ANDREW DENTON: That's the zinger you should've used in Amsterdam!

AL GORE: Perhaps, I know. That poor guy is still out there looking for the movie lot in Arizona! To put it another way, if you have a child who has a fever, and the fever persists, and it steadily gets higher, you go to the doctor. And you say "Please, let's check this out. What's the problem here?" Because it could be something bad. Well, the planet has a fever. And one or two degrees matters. Two or three or four or five matter even more. And it will continue to get higher until we stop dumping all this pollution into the earth's atmosphere. It is extremely damaging.

ANDREW DENTON: Let's talk about what can be done about it and to do that, let's go back a bit. The 2000 election, sorry to bring it up, this is something that maybe some Australians haven't seen. This is an appearance you did on 'Saturday Night Live' a few years ago where you visited the set of the 'West Wing'.

(FOOTAGE PLAYS)AL GORE: Would you mind if I...

JED BARTLETT: Oh sure, be my guest.

AL GORE: Hmmm...

JED BARTLETT: I guess while you were Vice-President you never actually got to sit in there?

AL GORE: Sorry?

JED BARTLETT: I was just - I guess you never actually sat in the President's chair?

AL GORE: No... No, I did not.(FOOTAGE ENDS)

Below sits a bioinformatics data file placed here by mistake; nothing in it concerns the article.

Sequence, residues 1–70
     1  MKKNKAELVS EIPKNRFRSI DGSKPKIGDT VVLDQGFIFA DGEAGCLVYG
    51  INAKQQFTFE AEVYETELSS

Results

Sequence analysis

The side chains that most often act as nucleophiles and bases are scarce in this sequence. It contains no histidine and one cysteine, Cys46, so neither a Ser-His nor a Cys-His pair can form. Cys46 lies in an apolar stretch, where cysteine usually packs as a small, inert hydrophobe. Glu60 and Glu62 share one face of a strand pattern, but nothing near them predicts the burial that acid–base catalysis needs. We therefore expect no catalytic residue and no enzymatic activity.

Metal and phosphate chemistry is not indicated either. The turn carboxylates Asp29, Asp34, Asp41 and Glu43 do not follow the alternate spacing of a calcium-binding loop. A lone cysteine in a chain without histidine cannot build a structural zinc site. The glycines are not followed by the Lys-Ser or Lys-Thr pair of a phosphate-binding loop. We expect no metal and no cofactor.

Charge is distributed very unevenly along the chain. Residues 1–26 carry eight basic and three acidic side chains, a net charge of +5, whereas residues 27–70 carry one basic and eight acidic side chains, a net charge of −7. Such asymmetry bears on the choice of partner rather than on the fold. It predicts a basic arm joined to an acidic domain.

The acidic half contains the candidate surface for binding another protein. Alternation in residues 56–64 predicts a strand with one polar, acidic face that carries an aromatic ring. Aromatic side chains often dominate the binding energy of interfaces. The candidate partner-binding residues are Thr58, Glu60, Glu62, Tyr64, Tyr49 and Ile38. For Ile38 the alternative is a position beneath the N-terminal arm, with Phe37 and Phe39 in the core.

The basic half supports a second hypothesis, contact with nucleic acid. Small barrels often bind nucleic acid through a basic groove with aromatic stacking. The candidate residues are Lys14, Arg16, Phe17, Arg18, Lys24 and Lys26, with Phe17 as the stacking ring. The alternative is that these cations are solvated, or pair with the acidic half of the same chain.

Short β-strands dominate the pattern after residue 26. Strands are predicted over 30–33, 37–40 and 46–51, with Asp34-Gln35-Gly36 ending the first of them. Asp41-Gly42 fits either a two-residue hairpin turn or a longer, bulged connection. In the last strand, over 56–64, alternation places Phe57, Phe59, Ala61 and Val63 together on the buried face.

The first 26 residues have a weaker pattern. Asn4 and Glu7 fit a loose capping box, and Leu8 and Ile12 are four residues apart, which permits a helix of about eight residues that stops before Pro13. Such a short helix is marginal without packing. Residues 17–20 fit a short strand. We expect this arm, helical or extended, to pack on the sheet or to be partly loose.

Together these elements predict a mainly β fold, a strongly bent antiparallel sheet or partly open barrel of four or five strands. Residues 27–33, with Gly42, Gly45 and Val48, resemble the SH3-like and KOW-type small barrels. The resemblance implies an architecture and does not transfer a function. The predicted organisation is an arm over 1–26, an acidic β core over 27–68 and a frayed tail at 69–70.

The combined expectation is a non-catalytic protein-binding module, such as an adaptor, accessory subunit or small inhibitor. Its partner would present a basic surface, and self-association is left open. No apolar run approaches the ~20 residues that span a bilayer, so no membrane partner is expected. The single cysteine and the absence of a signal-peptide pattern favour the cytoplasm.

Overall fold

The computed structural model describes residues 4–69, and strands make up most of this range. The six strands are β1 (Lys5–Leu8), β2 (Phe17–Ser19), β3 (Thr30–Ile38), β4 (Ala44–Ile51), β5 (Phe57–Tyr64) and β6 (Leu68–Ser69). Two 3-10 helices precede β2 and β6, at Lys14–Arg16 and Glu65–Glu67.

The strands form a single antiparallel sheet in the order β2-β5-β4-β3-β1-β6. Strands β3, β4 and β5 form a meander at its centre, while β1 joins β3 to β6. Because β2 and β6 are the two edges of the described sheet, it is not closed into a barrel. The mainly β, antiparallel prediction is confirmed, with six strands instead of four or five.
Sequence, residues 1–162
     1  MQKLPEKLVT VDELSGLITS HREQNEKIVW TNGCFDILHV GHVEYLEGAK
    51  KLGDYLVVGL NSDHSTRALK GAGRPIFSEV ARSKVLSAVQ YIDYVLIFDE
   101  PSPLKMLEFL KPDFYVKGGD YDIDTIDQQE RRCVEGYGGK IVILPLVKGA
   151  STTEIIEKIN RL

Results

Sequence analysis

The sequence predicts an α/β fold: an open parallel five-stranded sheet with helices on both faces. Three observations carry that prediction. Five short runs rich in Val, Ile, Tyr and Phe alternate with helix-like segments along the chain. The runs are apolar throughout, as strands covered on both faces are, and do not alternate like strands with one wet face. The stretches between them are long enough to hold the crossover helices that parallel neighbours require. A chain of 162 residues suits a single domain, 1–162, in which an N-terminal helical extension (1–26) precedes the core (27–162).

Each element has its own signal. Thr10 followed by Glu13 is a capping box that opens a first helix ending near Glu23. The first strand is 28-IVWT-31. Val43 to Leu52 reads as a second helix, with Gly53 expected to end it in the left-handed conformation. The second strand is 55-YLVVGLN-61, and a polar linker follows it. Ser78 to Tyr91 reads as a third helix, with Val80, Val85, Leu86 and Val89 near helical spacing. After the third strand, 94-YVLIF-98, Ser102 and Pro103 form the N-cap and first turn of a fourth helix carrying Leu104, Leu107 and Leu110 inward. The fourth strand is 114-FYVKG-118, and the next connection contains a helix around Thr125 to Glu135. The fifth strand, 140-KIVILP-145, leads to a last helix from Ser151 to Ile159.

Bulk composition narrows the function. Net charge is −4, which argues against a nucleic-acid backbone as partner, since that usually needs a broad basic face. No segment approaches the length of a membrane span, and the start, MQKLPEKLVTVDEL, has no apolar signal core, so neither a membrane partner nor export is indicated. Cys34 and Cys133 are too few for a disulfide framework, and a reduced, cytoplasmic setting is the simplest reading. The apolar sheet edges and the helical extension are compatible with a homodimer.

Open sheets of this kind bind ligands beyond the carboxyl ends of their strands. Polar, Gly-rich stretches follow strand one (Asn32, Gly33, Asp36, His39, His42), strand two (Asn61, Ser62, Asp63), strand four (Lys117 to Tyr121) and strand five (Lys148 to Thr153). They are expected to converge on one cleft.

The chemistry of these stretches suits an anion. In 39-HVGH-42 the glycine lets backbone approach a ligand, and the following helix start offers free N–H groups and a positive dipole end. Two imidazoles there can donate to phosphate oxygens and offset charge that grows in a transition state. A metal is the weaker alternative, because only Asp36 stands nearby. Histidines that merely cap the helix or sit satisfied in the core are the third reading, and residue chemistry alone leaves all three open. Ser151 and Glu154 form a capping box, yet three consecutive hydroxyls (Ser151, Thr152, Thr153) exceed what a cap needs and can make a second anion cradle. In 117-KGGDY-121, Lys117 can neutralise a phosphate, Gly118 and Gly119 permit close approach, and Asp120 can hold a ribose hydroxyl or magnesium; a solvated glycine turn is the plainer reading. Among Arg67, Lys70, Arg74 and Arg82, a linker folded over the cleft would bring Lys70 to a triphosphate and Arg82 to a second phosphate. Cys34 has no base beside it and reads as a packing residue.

ANDREW DENTON: I know they had to prise you from the set of the 'West Wing' with several security guards. There has been a lot of speculation about your intentions, even if this movie is some move back into politics. Under what circumstances would you stand for the presidency again?

AL GORE: I did go back on 'Saturday Night Live', just a few months ago, and they began the show with what they called a 'cold opener', with the announcer talking about the speculation that there may be alternate universes, and that some physicists believe that in parallel worlds, other events take place, so-and-so won the American Idol instead of ... and then they start with "Ladies and gentlemen, a message from the President of the United States." And it's me! And I'm saying, you know, gas prices, you would say petrol prices are so cheap now, it's... but anyway.


AL GORE: Let it go! (Laughs) It's hard!

ANDREW DENTON: I know! I have a therapist, I can help you.

AL GORE: Oh thanks, thanks! I don't intend to be a candidate for President again. I ran twice for President. I ran twice for Vice-President. Been there and done that, as the saying goes. It's true that I haven't entirely ruled out thinking about politics at some point in the future, but that's just an internal shifting of gears, and really, the truth is, I find the political process somewhat toxic at this point. I find I have less patience for some of the tomfoolery that's necessary in politics, and I have found other ways to serve, and I'm enjoying them. And I am involved in a campaign but it's for a cause, not a candidacy.

ANDREW DENTON: And it's the matter of effecting change, that's what you're engaged in. I'd like to hypothetically, let's assume something got you back into the presidency. I want to know how it actually works. I'm not doing it to be cruel.

AL GORE: You've done it several times!

ANDREW DENTON: My work is done! Let's assume you got back into the presidency. How easy is it to effect change? When you got Kyoto up before the international community, when you went back to America, of the 100 senators you approached to support it, only one came across. What did that tell you about your country?